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Research

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Global History of Health Project (European Module)

A research project of the Department of Archaeology.

Background

The study of very large datasets to explore trends in changing patterns of health in the past has been rare until the recent formation of the Global History of Health Project (GHHP), based at Ohio State University in Columbus, Ohio, USA and funded by the National Science Foundation. This effort developed from the Western Hemisphere Health Project (WHHP - Steckel and Rose, 2002 The backbone of history. Cambridge University Press) which assessed health in 12,500 skeletons from the Americas for individuals who lived from 5,000 BP to the late nineteenth century. The analysis compared health within and across regions that were subdivided into 65 localities.

The project

The GHHP was established in 2001 and is now focused on Europe. The difference between the WHHP and the GHHP lies in the scope of data collection, and an expanded list of variables coded in a standard way into an on-line database. This is a large and ambitious project which has created three large databases of skeletal data, which will allow researchers to reinterpret the history of human health in Europe from the late Paleolithic era to the early twentieth century (http://global.sbs.ohio-state.edu/). During this period, human health and welfare were transformed enormously by the transition from foraging to farming, the rise of cities and complex forms of social and political organization, European colonization; and industrialization. With a trans-Atlantic network of collaborators, demographic and health data from over 17,000 individual skeletons have been recorded in a database which will lead to large-scale comparative studies of the causes and health consequences of these and other dramatic changes in arrangements for work, living, and human interaction. There are 23 countries participating in the project. Over 30 senior investigators and an additional 40 graduate students have been responsible for the data collection and its input. Charlotte Roberts is the UK coordinator and with Clark Larsen, and Rick Steckel is currently working with colleagues to bring the project to publication.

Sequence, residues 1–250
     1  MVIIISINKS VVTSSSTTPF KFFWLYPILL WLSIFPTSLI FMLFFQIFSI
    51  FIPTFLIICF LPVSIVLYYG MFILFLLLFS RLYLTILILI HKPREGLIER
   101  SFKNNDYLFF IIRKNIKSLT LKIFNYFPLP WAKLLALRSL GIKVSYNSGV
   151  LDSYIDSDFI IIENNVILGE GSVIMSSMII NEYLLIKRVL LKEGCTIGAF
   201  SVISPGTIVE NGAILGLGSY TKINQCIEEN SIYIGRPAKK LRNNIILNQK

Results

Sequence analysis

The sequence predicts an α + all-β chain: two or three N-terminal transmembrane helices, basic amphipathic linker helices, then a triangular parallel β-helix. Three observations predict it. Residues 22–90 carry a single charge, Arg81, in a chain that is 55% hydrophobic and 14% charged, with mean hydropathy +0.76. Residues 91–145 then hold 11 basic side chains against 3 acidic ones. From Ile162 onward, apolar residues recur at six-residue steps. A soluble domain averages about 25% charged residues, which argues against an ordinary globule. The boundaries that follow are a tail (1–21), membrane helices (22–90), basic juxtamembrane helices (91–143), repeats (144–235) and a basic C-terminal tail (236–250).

Progress on the project

The first datasets were presented at the Anthropological Society of Paris' 150 year Anniversary International Congress 2009 and at a poster symposium at the Annual Meeting of the Association of Physical Anthropologists in Chicago in 2009 (American Journal of Physical Anthropology Supplement 48 (2009). Papers are now being prepared for publication in a special issue of the American Journal of Physical Anthropology.

Staff

From the Department of Archaeology